Climate Action

All renewable technologies set to be as cheap as fossil fuels by 2020

A new report has concluded that all renewable technologies will be cost competitive worldwide within the next two to three years, and some are already beating fossil fuels on price.

  • 15 January 2018
  • Websolutions

A new report has concluded that all renewable technologies will be cost competitive worldwide within the next two to three years, and some are already beating fossil fuels on price.

Over the past 12 months, the global average costs for onshore wind and solar PV have come in at USD 6 cents and 10 cents per kWh. Onshore wind in particular is now commissioning at prices as low as 4 cents/kWh. In contrast, fossil fuel technologies have a wide cost range, from 5-17 cents/kWh.

The report, released by the International Renewable Energy Agency (IRENA), entitled Renewable Power Generation Costs in 2017, analysed data from 15,000 large-scale renewable projects; competitive auction results; and procurement processes for around 7,000 projects around the world.

It found that the cost of generating power from onshore wind has fallen by around a quarter since 2010, with solar photovoltaic (PV) electricity costs falling by 73 per cent. In addition, these costs will continue to fall over the next few years; solar in particular is expected to halve its costs to 3 cents. Some countries, such as Abu Dhabi, Mexico, and Saudi Arabia, have already set this benchmark.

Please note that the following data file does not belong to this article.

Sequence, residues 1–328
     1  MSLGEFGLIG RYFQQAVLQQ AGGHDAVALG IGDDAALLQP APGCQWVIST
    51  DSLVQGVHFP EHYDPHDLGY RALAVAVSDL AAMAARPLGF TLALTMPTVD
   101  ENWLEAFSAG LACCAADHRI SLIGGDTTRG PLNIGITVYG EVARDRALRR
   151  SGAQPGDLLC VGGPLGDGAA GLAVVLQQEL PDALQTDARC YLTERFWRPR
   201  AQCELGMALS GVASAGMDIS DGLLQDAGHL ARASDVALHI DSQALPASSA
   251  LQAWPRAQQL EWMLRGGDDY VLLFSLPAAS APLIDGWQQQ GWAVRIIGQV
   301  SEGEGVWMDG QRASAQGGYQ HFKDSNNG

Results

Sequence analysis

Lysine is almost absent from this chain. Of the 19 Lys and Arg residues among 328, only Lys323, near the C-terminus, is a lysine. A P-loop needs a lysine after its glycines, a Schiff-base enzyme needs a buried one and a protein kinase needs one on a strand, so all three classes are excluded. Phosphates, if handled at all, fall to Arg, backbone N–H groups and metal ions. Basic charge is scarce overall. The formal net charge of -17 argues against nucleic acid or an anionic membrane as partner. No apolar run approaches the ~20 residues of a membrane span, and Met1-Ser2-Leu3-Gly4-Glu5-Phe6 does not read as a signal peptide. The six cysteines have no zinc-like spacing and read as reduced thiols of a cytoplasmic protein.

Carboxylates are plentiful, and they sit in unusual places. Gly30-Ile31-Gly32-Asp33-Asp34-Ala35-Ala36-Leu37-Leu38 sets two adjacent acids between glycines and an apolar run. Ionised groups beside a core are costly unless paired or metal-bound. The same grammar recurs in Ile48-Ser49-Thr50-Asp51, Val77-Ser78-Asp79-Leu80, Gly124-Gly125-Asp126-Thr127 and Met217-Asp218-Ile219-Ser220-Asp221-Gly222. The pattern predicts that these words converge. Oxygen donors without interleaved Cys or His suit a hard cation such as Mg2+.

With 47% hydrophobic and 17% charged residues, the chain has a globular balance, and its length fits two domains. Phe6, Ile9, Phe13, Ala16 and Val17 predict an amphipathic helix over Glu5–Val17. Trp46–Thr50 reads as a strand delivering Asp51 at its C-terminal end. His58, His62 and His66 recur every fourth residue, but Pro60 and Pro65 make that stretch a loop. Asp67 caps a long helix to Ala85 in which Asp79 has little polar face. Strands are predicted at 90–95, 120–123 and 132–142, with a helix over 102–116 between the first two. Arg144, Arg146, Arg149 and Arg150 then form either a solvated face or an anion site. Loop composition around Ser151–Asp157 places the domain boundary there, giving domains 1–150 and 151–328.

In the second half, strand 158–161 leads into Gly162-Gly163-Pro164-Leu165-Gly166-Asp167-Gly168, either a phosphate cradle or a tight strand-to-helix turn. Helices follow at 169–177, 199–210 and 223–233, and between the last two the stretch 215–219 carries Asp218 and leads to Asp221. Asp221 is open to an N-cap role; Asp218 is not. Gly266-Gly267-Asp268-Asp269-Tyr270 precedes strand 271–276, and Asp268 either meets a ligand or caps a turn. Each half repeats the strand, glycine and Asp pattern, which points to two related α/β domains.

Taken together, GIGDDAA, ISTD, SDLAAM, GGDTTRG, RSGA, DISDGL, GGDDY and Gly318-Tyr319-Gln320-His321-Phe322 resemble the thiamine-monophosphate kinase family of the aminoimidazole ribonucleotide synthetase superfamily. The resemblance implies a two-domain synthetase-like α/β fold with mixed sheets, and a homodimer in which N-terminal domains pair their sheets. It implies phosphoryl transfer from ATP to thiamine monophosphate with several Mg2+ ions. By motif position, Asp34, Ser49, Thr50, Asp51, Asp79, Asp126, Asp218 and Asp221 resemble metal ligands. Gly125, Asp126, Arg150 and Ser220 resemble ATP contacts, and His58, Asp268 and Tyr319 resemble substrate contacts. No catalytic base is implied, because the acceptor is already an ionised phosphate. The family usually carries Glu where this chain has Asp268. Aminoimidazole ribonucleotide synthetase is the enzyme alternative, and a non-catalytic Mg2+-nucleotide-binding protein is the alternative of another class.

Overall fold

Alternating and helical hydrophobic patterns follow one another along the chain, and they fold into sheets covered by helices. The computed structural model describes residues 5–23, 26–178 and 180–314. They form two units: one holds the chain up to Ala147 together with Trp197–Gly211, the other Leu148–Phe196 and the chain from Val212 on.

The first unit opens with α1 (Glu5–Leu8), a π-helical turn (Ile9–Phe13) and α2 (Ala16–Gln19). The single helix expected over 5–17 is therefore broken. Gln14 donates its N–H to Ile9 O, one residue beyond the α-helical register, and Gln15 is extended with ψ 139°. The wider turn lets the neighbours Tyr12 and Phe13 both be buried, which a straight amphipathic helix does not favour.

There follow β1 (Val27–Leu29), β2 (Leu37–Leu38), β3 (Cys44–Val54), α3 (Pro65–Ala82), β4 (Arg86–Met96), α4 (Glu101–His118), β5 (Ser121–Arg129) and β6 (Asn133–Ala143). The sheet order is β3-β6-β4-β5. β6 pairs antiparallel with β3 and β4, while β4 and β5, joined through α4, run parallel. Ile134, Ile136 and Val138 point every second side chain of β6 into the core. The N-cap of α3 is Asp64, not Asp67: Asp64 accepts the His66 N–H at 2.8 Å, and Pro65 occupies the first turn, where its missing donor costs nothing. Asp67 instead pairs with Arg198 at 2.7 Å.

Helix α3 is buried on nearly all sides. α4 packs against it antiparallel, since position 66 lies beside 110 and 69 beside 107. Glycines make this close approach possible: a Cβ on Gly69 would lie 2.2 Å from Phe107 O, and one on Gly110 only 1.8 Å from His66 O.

New bioenergy and geothermal projects which were completed in 2017 had a global average cost of around 7 cents/kWh.

 “This new dynamic signals a significant shift in the energy paradigm,” said Adnan Z. Amin, IRENA Director-General. “These cost declines across technologies are unprecedented and representative of the degree to which renewable energy is disrupting the global energy system." 

The report cited three main factors behind the large fall in costs: technological innovations; competitive auctions and an increase in experienced project developers.

“Turning to renewables for new power generation is not simply an environmentally conscious decision, it is now – overwhelmingly – a smart economic one,” continued Mr. Amin. “Governments around the world are recognizing this potential and forging ahead with low-carbon economic agendas underpinned by renewables-based energy systems. We expect the transition to gather further momentum, supporting jobs, growth, improved health, national resilience and climate mitigation around the world in 2018 and beyond”.